They are rebels who unwilling to submit to authority. Being a law unto themselves and representing the first rebel Satan, they do not recognize the authority of God’s Word or of His Spirit, much less that of His divinely called preachers and teachers. Even when their erroneous doctrine and immoral living are exposed, they are inclined to defy correction and discipline by the true church.
Beware of teachers who will not put themselves under authority. And since there were "many" it was all the more imperative for Titus to appoint elders in every city for Titus no matter how persuasive in refuting these men, would hardly have had time to deal with their growing numbers. Jude also described rebellious men who "by dreaming, defile the flesh and reject authority." (Jude 1:8)
Paul had predicted that there would be men who would come in among the church (an "inside job") and would not spare the flock (Acts 20:29).
EMPTY TALKERS: mataiologoi:
who talk nonsense (Phillips, NJB)
who are idle (vain, empty) and misleading talkers (Amp)
they engage in useless talk (NLT)
people who talk about worthless things (ICB)
vain jangling (Vincent)
senseless talkers (Berkley)
who impose on people with their empty arguments (Moffatt)
disobedient babblers (Conybeare)
given to idle and misleading talk (WNT)
all noise, empty parade, and no work (Clarke)
empty chatterers (McGee)
Empty talkers (3151) (mataiologos from mataios = vain, empty, profitless, fruitless, aimless = building houses on sand, chasing the wind, shooting at stars, pursuing one's shadow + lego = talk) are vain talkers, idle talkers, foolish prattlers who speak only worthless nonsense. These folks are babblers with nothing to say. The root mataios described heathen worship (mataios is used as a word for idols in Acts 14:15, 2Ki 17:15, Jer 2:5, 8:19), specifically worship which produces no goodness of life and nothing of eternal value! He is one who utters empty, senseless things. A windbag!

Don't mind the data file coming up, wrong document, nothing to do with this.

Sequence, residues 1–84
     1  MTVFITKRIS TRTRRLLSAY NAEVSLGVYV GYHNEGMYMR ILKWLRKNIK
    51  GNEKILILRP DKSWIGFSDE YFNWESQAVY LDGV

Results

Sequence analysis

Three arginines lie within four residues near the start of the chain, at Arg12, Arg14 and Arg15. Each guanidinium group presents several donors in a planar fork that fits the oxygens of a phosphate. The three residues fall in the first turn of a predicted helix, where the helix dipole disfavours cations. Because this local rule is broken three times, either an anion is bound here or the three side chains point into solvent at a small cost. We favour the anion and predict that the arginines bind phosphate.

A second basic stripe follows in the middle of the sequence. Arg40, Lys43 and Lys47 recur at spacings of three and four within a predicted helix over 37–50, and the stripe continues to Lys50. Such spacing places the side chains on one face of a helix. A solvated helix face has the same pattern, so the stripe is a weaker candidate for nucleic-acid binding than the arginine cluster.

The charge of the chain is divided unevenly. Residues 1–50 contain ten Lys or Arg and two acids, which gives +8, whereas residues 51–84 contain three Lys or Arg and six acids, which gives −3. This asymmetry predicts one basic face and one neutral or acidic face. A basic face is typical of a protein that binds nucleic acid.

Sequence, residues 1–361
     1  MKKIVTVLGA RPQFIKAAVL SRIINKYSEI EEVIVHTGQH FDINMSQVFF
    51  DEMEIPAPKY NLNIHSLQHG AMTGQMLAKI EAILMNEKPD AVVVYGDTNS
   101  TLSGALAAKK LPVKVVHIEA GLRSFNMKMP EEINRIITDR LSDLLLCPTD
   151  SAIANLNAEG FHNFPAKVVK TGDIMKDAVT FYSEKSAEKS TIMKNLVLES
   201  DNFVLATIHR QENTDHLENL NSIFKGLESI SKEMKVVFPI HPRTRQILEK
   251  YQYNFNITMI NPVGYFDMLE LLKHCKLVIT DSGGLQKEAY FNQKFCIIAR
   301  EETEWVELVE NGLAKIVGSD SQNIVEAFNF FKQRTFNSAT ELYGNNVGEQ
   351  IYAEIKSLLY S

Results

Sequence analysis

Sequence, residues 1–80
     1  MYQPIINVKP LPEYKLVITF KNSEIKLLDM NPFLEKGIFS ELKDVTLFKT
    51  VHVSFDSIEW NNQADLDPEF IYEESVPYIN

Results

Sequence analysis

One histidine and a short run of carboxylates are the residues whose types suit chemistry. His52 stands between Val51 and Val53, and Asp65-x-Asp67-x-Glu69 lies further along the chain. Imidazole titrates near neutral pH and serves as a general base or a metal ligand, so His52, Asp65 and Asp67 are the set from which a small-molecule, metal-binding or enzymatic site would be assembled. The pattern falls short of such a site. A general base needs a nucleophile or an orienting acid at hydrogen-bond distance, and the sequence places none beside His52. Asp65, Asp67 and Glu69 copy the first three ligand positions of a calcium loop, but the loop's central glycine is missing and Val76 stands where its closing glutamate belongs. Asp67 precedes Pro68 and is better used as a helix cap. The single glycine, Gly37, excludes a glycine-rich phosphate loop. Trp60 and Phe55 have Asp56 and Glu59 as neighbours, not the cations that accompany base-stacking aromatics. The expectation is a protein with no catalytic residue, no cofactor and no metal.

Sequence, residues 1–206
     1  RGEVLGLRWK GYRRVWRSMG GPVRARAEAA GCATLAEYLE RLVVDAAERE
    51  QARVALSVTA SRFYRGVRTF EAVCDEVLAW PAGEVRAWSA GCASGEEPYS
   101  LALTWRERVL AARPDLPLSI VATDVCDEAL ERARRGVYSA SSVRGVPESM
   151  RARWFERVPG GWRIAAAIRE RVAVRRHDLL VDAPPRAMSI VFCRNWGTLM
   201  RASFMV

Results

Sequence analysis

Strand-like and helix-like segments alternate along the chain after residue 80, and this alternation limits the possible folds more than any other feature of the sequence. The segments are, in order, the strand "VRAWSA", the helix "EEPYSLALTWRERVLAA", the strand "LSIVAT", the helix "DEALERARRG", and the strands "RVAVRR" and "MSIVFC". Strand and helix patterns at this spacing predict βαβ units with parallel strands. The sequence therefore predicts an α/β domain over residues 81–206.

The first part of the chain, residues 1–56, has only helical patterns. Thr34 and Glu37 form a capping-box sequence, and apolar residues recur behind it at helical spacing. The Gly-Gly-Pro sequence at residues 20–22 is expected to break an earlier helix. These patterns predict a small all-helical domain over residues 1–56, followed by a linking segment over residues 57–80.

Titus 1:10 is the only use of mataiologos in the Bible
The related word mataiologia means “empty prattle” and is used in for those who forsake sincere faith.
These people in Crete could talk glibly but all their talk was ineffective in bringing anyone one step nearer goodness. Their talk produced no spiritual benefits, and in fact robbed the hearers of the truth which led them into error. The Cynics used to say that all knowledge which is not profitable for virtue is vain. The teacher who simply provides his pupils with a forum for pleasant intellectual and speculative discussion teaches in vain. Shakespeare would describe them as “full of sound and fury, signifying nothing.”
Vincent has an unusual note writing that…
Calvin adds that they
What these men said may have impressed their hearers, but the words lacked substance. Historically “empty talkers” were frequent in the ranks of many of the pseudo-intellectuals in the ancient world. Jeremiah described a similar breed of men in Israel writing that
They led God's
AND DECEIVERS: kai phrenapatai:
it blinds people to the truth (TLB)
who delude people's minds (JNT)